Haliti will start from the left for Western Sydney. He, like the player he is replacing, Bridge, is more of a wide forward, taking advantage of the width provided on the right to come narrow into goalscoring positions, often moving towards the far post to meet crosses and second balls. Haliti actually scored from this type of run in a 1-1 draw earlier this season, and remembering that Hersi’s goal against the Mariners came from Josh Rose switching off when the cross ran across the face of goal, this could be another important zone. There are some rumours Bridge could pass a late fitness test – if he does, he’ll play the same role as Haliti.

Indeed, while the majority of the creativity will come from the Brisbane left/Wanderers right, the goals might actually be scored by the players on the opposite wing.

Berisha

The biggest goal threat, though, inevitably comes upfront – particularly for Brisbane, who’s had a fine season in terms of goals (even after incurring three separate suspensions for red cards). What’s interesting about those repeated offences is that nearly all of them have come from Berisha’s sheer determination – the execution might be dodgy, but you can’t question his commitment. That’s useful in terms of Brisbane’s pressing, as his energy helps set the tempo of their efforts to win the ball back high up the pitch.

It’s worth remembering, too, that in the away win in Adelaide, Berisha was asked to angle his runs so that Jon McKain didn’t have time on the ball – considering Matthew Spiranovic is clearly the stronger passer of the Wanderers’ centre-backs, he might be asked to do a similar role here.

More pertinent is Berisha’s goal threat – he makes runs in behind to meet Broich through-balls, but his main quality in terms of goalscoring is his ability to pick up the ball just in front of defenders (outside the “tackle range”), take a touch away from the marker and shoot – just as he did with the decisive goal in the semi-final against Melbourne Victory.

Juric/Santalab

Meanwhile, Popovic has a dilemma – Tomi Juric or Brendon Santalab upfront. Juric is probably the better player (corroborated in terms of pure goal statistics), but Santalab was preferred in the semi-final because he was able to constantly make runs in behind the Mariners’ back five, pushing the defence deeper and opening up space for other attackers, as well as offering a target for balls over the top.

Because Brisbane defend with a high line, they are vulnerable to pace in behind (they do, though, have a fine defensive record this season – the best in the league). That’s the same quality Santalab was required to provide against the Mariners, but the depth of the run is hugely different here – rather than in behind a low block, here it’ll be all about sprinting into a space of twenty or thirty metres inside Brisbane’s half.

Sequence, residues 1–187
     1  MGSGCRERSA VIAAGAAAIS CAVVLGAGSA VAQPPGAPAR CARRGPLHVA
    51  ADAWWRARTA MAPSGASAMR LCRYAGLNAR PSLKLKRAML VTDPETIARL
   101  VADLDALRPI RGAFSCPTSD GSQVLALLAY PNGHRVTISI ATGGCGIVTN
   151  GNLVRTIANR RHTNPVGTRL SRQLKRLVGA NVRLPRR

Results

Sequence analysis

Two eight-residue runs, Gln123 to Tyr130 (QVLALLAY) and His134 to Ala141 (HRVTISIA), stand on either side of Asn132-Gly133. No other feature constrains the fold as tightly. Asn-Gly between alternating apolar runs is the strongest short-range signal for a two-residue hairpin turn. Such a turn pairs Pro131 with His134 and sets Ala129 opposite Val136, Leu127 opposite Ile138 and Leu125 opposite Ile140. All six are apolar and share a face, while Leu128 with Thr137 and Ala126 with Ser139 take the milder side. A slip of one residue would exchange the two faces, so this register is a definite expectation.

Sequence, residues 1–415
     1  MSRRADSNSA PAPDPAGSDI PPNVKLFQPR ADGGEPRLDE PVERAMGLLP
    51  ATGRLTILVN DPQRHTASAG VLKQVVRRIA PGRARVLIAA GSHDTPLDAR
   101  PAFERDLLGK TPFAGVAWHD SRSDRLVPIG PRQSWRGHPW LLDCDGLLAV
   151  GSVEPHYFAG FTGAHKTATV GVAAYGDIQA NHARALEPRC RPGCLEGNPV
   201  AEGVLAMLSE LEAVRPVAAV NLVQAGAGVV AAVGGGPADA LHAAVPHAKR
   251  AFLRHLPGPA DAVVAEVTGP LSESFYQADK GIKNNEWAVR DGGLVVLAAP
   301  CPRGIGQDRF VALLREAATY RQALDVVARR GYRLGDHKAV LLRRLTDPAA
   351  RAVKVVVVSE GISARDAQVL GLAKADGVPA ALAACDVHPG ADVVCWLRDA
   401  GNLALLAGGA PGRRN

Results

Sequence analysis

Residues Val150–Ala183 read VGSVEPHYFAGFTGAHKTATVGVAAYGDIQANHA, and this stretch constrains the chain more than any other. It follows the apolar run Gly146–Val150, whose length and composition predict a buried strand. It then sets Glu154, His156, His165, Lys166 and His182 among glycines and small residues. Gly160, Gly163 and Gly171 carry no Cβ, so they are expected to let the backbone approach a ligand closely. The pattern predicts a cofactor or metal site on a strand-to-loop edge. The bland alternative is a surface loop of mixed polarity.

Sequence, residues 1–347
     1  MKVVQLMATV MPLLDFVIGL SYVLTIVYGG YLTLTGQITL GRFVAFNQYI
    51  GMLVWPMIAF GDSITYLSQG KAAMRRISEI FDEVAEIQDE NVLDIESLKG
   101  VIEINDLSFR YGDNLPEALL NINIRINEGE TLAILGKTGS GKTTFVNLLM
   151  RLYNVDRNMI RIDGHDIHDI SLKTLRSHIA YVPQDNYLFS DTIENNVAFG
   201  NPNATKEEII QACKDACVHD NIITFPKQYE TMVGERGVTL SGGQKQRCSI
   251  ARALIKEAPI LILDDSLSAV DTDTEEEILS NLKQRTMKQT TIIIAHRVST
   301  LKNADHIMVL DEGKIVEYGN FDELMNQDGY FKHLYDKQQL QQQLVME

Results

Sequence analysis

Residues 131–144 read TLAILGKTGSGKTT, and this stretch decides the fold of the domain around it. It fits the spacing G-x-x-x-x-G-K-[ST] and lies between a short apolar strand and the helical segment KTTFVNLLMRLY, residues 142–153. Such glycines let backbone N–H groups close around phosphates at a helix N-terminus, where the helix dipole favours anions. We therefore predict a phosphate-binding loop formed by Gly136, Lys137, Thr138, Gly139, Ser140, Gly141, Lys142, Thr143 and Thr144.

Consider the performances of Bernie Ibini and Adam Taggart in Brisbane defeats against Central Coast and Newcastle respectively – all about working the space in behind the high line and drifting towards the flanks to expose the space vacated by the forward movement of the Roar full-backs. Both Juric and Santalab are fast players (with the latter quicker in terms of acceleration), and they’ll target the space to either side of the Brisbane centre-backs. With that in mind, Mulvey will probably ask his full-backs to play more conservatively than usual, wary of being exposed in the same manner as the 2-0 Mariners defeat.

Regardless of who starts between Santalab and Juric, the other will probably come off the bench, which is a useful option for Popovic – fresh legs, and the ability to instruct the substitute on how to expose any potential Roar weaknesses.

Set-pieces

A minor point to consider is the importance of set-pieces. Brisbane aren’t a ‘tall’ side, especially when compared to the Wanderers players, and although it’s not been a huge feature before in clashes between these sides, could play a role here. In a 1-0 defeat to the Heart back in February, the Roar simply couldn’t cope with Melbourne’s aerial threat from corners, with Mulvey eventually bringing on James Donachie when chasing the game simply to give the side extra height in the box.

It’s not unfeasible the Wanderers could do something similar here, especially with Nikolai Topor-Stanley in a rare patch of goalscoring form – as Jack Kerr pointed out for the Guardian, “he’s scored in every second match since late March…by that pattern, he’s due this weekend.”

Progression

The first goal will be (obviously) important – it will increase the onus on the losing side to open up and chase the game, inevitably leaving space for the other to break into. They are a possession-based side, but Brisbane retain a good counter-attacking threat particularly with the front three, and are capable of moving quickly and directly towards goal at transitions. In a 3-1 win over Perth, for example, it was obvious how scoring the first goal, meaning the reactive side had to play higher up the pitch and couldn’t pack the centre of the pitch, liberated Brisbane’s attacks – they ran riot on the counter in the final twenty minutes of that match.

This also runs true for the Wanderers, who will benefit if Brisbane end up pushing lots of players forward to chase the game.

More generally, though, this will likely be a low-scoring affair: Grand Finals are generally cagey, tight affairs, and this, between two evenly matched teams, should be no different.

End notes

The head-to-head record between these sides is strange – the Wanderers haven’t beaten Brisbane this season, but actually recorded four wins in the first four meetings between these sides, including last year’s semi-final. On paper and on form, it’s so difficult to call. It’s a fascinating grand final, between the two most consistent sides in the competition this season, in terms of results, performance and style.

Broadly speaking, rightly or wrongly, the winner of this game will go a long way to determining how this season is remembered stylistically. The past few years have seen A-League tactical trends dictated by those who are successful: as was the case when Brisbane won under Ange Postecoglou, prompting a wave of “proactive” coaches, before the Wanderers and Mariners success last year saw a tangible shift towards more structured, counter-attacking football.

A victory for either the Wanderers or Brisbane won’t demonstrate how either philosophy is anymore superior than the other, but it could shape the direction of next season’s dominant tactical theme.

More from the author: FourFourTwo preview: key areas | Leopold Method preview

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Other reads

Justin Civilo’s Fantasy A-League perspective

Tony Tannous’s historically-minded preview

 The Guardian: five things to watch